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Am J Epidemiol. 2018 Aug 1;187(8):1586-1594. doi: 10.1093/aje/kwy110.

Retirements of Coal and Oil Power Plants in California: Association With Reduced Preterm Birth Among Populations Nearby.

Author information

1
Division of Environmental Health Sciences, School of Public Health, University of California, Berkeley, Berkeley, California.
2
Preterm Birth Initiative, University of California, San Francisco, San Francisco, California.
3
Department of Biostatistics, Bloomberg School of Public Health, Johns Hopkins University, Baltimore, Maryland.
4
Division of Epidemiology, School of Public Health, University of California, Berkeley, Berkeley, California.
5
Department of Epidemiology and Biostatistics, University of California, San Francisco, San Francisco, California.
6
Center on Social Disparities in Health, Department of Family and Community Medicine, University of California, San Francisco, San Francisco, California.
7
Department of Environmental Science, Policy, and Management, University of California, Berkeley, Berkeley, California.

Abstract

Coal and oil power plant retirements reduce air pollution nearby, but few studies have leveraged these natural experiments for public health research. We used California Department of Public Health birth records and US Energy Information Administration data from 2001-2011 to evaluate the relationship between the retirements of 8 coal and oil power plants and nearby preterm (gestational age of <37 weeks) birth. We conducted a difference-in-differences analysis using adjusted linear mixed models that included 57,005 births-6.3% of which were preterm-to compare the probability of preterm birth before and after power plant retirement among mothers residing within 0-5 km and 5-10 km of the 8 power plants. We found that power plant retirements were associated with a decrease in the proportion of preterm birth within 5 km (-0.019, 95% CI: -0.031, -0.008) and 5-10 km (-0.015, 95% CI: -0.024, -0.007), controlling for secular trends with mothers living 10-20 km away. For the 0-5-km area, this corresponds to a reduction in preterm birth from 7.0% to 5.1%. Subgroup analyses indicated a potentially larger association among non-Hispanic black and Asian mothers than among non-Hispanic white and Hispanic mothers and no differences in educational attainment. Future coal and oil power plant retirements may reduce preterm birth among nearby populations.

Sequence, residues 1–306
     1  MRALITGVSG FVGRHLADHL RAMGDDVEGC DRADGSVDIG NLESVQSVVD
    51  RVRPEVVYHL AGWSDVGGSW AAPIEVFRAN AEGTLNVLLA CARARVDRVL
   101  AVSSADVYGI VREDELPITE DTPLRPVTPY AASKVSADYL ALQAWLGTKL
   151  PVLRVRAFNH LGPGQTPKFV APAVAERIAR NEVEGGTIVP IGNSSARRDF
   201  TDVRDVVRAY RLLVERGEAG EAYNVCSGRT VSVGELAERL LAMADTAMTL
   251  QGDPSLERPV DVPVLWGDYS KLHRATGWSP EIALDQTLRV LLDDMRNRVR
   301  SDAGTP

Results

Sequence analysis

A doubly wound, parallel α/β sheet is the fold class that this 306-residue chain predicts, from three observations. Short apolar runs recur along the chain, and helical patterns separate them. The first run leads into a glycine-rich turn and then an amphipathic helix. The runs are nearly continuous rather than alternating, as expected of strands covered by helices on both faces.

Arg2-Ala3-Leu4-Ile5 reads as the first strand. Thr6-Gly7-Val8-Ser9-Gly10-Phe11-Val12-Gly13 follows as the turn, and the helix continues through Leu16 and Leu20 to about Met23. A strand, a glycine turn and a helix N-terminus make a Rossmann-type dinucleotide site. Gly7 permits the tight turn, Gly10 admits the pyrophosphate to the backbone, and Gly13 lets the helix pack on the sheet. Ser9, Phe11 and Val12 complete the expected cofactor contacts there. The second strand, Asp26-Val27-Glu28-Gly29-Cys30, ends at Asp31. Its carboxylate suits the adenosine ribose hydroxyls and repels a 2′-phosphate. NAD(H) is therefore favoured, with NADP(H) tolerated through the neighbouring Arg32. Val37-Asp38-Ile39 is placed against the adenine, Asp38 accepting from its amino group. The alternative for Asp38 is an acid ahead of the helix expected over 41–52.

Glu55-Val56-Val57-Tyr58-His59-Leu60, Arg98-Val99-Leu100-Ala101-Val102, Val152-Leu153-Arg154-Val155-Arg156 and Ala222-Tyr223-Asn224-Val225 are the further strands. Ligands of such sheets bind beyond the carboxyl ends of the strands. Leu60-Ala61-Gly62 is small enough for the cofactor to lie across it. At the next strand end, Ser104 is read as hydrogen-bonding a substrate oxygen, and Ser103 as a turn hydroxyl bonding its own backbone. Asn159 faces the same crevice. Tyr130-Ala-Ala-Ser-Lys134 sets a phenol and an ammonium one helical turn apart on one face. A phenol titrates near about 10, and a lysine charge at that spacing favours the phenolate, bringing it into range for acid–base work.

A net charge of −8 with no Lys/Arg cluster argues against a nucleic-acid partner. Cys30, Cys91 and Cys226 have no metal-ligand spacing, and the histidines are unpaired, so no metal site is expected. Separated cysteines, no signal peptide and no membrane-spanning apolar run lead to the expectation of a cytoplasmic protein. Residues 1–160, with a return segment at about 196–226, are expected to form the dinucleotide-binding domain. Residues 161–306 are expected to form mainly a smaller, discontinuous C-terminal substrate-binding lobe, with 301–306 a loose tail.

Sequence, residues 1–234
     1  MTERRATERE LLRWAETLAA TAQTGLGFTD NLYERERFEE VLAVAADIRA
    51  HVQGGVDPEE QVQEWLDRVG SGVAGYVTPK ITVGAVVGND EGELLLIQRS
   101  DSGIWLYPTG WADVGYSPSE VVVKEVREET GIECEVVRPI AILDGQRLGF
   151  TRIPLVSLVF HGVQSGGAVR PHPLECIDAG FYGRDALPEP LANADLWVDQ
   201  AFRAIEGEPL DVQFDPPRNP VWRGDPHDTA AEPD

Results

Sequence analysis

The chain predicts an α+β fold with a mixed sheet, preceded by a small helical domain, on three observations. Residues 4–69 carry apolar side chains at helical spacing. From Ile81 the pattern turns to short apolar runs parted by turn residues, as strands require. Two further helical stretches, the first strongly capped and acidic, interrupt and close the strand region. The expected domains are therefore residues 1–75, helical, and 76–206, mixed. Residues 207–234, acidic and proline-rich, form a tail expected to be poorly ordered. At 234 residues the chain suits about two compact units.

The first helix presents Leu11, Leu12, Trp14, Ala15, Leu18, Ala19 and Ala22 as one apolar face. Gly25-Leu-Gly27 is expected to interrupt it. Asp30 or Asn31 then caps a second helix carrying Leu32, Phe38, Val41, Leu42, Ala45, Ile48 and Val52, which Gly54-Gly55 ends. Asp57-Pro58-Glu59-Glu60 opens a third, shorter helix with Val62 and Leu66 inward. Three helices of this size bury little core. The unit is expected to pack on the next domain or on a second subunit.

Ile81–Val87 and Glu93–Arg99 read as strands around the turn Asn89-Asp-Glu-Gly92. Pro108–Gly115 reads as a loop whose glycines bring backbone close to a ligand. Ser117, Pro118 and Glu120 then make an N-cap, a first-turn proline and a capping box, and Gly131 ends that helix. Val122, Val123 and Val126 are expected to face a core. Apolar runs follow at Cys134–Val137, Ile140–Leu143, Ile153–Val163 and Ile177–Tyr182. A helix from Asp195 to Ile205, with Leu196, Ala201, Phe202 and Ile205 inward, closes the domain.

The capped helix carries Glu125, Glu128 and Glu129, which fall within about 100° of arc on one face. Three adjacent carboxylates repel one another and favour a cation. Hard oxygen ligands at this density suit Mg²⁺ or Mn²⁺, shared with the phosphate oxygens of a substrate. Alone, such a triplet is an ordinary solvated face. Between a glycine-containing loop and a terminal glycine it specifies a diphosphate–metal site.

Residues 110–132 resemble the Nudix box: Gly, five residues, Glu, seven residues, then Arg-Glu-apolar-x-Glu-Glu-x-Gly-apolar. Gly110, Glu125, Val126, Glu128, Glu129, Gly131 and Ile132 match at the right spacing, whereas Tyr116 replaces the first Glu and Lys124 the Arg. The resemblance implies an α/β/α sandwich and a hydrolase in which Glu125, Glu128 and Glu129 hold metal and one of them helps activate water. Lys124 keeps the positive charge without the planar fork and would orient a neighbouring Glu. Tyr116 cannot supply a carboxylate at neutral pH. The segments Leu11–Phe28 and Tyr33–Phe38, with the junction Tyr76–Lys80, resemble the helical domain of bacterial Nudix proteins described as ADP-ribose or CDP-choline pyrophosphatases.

PMID:
29796613
PMCID:
PMC6070091
DOI:
10.1093/aje/kwy110

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